Gilmore Girls || The Complexity of Rory Gilmore (#RorysHuman)
|Rory Gilmore in 'Spring'|
When I first fell in love with 'Gilmore Girls', people would ask me who my favourite character was.
"Lorelai Gilmore." I would say, without an ounce of uncertainty.
Under all my certainty, however, something was brewing. Eventually it would surface, and I would realise that the reason I didn't fully love Rory Gilmore was because I almost saw too much of myself in her, something I held back on fully acknowledging till I made my first Gilmore fan video (It's here, btw. Rory Gilmore to The Sun is Rising).
Then the revival happened. It's hilarious. I took ages to fully articulate my opinion on Rory Gilmore and then the revival took my mind map of opinions and completely scattered them, and now I'm back at square one, trying to sort my complicated thoughts on Rory Gilmore.
I've done my research, had in-depth discussions with friends, participated in social media conversations.
The simplest way to describe my feelings post-revival watch?
#RorysHuman and makes mistakes, but I expected better of her. I expected to understand her.
Before I get to the revival, I want to address the Rory Gilmore which appeared on screen 16 years ago. I want to thank Amy Sherman-Palladino & Daniel Palladino for creating a character who was unafraid of being intelligent and having ambition. I want to thank them for creating a character who was incredibly flawed, but was still fundamentally a good person - and I want to thank them for creating a character which helped me learn to defend myself, my choices and above all, understand and process my own story.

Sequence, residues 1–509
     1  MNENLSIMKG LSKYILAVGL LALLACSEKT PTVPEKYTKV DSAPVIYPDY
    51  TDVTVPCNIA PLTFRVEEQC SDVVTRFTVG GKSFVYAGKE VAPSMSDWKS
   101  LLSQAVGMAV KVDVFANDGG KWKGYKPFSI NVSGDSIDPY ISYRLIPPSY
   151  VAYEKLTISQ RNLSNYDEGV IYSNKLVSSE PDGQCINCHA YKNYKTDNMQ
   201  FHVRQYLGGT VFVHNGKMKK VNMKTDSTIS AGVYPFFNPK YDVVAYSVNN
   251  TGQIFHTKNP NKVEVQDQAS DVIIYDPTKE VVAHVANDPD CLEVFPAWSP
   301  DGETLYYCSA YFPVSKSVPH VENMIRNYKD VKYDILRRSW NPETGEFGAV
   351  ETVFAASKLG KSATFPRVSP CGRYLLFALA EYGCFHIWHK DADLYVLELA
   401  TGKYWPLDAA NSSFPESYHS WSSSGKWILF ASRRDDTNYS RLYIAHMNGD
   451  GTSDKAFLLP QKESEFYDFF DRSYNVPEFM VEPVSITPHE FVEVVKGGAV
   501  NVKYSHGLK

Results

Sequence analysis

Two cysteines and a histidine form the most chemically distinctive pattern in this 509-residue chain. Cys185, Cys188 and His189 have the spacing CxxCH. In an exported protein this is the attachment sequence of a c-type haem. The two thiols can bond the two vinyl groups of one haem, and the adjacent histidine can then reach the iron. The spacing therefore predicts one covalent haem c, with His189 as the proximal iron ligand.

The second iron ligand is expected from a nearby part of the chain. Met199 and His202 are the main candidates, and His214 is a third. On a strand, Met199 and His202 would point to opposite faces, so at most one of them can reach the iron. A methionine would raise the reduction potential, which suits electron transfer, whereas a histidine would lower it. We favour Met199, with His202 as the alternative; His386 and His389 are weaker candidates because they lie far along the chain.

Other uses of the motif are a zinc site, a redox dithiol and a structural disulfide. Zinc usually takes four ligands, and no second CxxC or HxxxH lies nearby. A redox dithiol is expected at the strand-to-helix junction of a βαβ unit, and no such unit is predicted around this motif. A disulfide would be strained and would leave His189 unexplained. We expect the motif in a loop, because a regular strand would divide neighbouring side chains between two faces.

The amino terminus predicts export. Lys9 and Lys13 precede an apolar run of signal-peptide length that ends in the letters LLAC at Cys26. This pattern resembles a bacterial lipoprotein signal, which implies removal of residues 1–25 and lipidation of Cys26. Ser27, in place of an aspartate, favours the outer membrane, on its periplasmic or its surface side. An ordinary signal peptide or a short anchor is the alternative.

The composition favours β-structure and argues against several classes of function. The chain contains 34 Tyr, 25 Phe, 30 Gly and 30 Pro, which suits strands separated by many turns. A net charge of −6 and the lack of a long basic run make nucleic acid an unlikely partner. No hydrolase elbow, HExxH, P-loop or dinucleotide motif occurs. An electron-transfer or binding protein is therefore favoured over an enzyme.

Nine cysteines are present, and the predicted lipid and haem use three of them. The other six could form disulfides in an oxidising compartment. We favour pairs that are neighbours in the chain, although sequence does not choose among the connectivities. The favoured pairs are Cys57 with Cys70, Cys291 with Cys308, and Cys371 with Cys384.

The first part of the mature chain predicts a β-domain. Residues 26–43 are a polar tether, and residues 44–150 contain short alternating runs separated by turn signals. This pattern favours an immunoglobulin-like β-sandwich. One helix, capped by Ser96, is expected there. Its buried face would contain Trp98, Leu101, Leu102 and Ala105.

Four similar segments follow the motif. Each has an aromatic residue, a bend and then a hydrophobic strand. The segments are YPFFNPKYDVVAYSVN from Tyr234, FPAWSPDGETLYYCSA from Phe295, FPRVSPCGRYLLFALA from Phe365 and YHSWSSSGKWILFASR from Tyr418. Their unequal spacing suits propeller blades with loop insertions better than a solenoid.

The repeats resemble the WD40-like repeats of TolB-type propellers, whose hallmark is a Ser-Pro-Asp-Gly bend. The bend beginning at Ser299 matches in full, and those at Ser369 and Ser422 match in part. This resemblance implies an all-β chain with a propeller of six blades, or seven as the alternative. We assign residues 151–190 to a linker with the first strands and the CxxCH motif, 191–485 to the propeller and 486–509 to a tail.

This isn't to say Rory is perfect, but every single decision she made in the original series felt honest, and reflective of who Rory Gilmore was. She was a human being who was idealised by her town, who had a great relationship with her mother that was underpinned by Lorelai's grand expectations of her but who was never the perfect human being people claimed her to be. To me, she represented the fallacy of role models. But here's the personal dilemma.
For all my beliefs that we can't expect role models out of our television characters, out of the human beings we share the world with - Rory Gilmore became my accidental role model.
There was no moment I announced this to the world, or had a sudden realisation. It happened without intention - falling into place as Rory Gilmore reflected too much of myself for me to let negative comments about her slide without at least brief discussion.
I didn't love all of Rory's actions, but I pushed myself to understand her when I didn't agree with her, and realised that some of the reasoning and feelings surrounding her decision were far too close for comfort.
Then the revival happened - and suddenly, the character I thought I understood so strongly essentially evaporated before my eyes. Maybe that's not what happened though. Maybe I stopped seeing myself in her.
I'm currently Rory at the end of Season 6 (barring the serious relationship, long distance or otherwise) - the one whose college life is finally making sense even if there's several chinks to sort out. I'm not the Rory who is struggling to make ends meet as a journalist, and I'm certainly not a student who chose her degree based on an 18 year ambition.